Our colleague Mark Catlin (SEIU and APHA OHS Section) has done it again, finding another amazing collection of historical films with worker safety themes.Â The latest were produced by the U.S. Federal Security Agency's Office of EducationÂ in 1944, entitled "Problems in Supervision: Instructing Workers on the Job."Â Â They were produced for the federal government by Caravel Films.Â Â Mark's loaded one on YouTube he's calledÂ "How not to do safety training"Â (00:01:06).Â Â
You'll meet Mary, the new drill press operator, Fred the guy assigned to show her how to do the job, and their boss who off-handedly remarks "better remove that wrist watch, Mary" and tells Fred "fix her up with one of those new safety caps."Â In today's parlance, it'd be an example of an employer delegating safety training responsibility to aÂ "competent person" without any method to ensure the worker understood the training and couldÂ effectively apply it.Â Â The kicker in the 1 min film is when Fred says
"oh, andÂ read your safety book before you start to operate."
What if Mary didn't quite get the jig solidly into the drill, or didn't tighten up the thumbscrews, or forgot to put a little oil on the drill, andÂ she suffered some ghastly injury.Â Â Would the big boss assert:
"Mr. Inspector, we teamed her up with our best operator.Â Â He made sure she had her safety cap, showed her how to operate the machine,Â andÂ told her to read the safety manual.Â Â It's not our fault if she didn't follow procedures."Â
I know of at least one fatal injury that happened earlier this year, where this kind of debate is going on between OSHA and the employer---"he had the OSHA 10-hour, he was trained, he should have known better."Â Â But the worker's not around toÂ tell his side of the story.Â In this case, the company has predictably contested the citations (including 1 willful.)Â
I'm looking to the Solis' Solicitor's Office to fight mightily to defend the OSHA inspector'sÂ findings and conclusions.Â Â The company is going to argue their point of view,Â OSHA/SOL mustÂ be arguing forÂ workers' lives.
Nice research Mark- I used to dream of raiding the Prelinger Archives; I actually met the guy once but he's a total capitalist about digitizing the collection. I was able to find out afew years ago they're stored just minutes ourside Pittsburgh but obviously out of reach.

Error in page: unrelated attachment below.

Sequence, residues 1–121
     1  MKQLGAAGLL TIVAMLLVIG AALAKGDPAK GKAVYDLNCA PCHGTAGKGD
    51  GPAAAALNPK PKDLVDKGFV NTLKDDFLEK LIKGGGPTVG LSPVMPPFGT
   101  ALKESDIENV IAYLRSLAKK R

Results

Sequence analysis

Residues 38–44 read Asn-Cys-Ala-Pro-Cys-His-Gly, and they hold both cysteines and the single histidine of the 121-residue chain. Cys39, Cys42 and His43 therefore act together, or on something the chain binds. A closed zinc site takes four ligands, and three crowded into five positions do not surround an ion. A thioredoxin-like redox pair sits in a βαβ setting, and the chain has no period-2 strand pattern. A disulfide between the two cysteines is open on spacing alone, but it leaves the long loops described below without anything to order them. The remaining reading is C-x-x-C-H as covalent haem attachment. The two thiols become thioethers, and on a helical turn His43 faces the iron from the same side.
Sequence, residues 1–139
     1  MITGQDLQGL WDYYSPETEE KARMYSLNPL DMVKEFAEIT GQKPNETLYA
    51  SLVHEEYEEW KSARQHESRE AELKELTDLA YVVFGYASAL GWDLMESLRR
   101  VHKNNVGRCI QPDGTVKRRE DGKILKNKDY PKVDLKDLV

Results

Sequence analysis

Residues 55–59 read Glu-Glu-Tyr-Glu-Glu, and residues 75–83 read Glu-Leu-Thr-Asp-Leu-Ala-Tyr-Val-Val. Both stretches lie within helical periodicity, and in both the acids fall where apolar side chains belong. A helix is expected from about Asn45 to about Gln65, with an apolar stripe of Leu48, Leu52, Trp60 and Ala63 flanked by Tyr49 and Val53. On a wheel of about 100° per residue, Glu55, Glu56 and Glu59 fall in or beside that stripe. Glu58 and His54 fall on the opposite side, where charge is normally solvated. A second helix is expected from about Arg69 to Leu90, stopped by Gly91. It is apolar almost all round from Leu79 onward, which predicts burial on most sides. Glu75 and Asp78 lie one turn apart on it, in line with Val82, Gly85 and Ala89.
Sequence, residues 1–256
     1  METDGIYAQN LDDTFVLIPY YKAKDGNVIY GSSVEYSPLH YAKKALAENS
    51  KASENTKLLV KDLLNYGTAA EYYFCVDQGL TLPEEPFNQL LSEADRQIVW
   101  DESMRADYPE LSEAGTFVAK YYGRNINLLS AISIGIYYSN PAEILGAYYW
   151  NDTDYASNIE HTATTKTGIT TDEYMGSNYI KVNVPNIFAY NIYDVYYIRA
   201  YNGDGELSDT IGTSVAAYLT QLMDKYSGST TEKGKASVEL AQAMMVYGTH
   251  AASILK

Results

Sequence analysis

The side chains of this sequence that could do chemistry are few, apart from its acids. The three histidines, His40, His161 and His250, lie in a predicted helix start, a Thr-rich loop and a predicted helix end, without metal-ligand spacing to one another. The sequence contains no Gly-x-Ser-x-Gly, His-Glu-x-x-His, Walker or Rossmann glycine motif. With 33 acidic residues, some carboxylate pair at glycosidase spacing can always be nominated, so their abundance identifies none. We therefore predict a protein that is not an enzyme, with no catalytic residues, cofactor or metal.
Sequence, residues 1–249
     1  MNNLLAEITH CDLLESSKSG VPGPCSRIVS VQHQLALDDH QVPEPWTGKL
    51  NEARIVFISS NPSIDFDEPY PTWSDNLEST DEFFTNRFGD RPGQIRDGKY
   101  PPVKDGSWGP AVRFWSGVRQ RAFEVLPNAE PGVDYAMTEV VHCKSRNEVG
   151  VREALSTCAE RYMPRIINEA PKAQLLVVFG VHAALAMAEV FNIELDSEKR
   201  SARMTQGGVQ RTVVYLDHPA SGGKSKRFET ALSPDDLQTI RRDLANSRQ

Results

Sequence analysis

You might also enjoy viewing other historic films clips on workplace and environmental health and safety topics that I have posted to my YouTube channel:
Workplace and Environmental Health and Safety Films at
Most of these clips, taken from old government and industrials films from 1905 to 2000, are in the public domain.
Prelinger has placed some of his extensive collection on the Internet Archives and they can be downloaded and used. Overall, the Internet Archive is the best source of old films and video available in the public domain. It is my promary source of material for clips for my channel.
It's pretty amazing to see what pasted as "safety training" in the old days. Also, Mark, that's a pretty impressive collection of videos you got there!
Hey Brett --
We've digitized over 2,100 titles since 2001 and they're online for free downloading and unrestricted reuse at archive.org. Check out the Prelinger collection there.
Also, what you say isn't true -- we have no material stored near Pittsburgh. In 2002-03 the Library of Congress acquired our entire collection, but it's so large that they are still waiting for space, funding and personnel to unpack it and prepare it for public access. In time it will be available to everyone.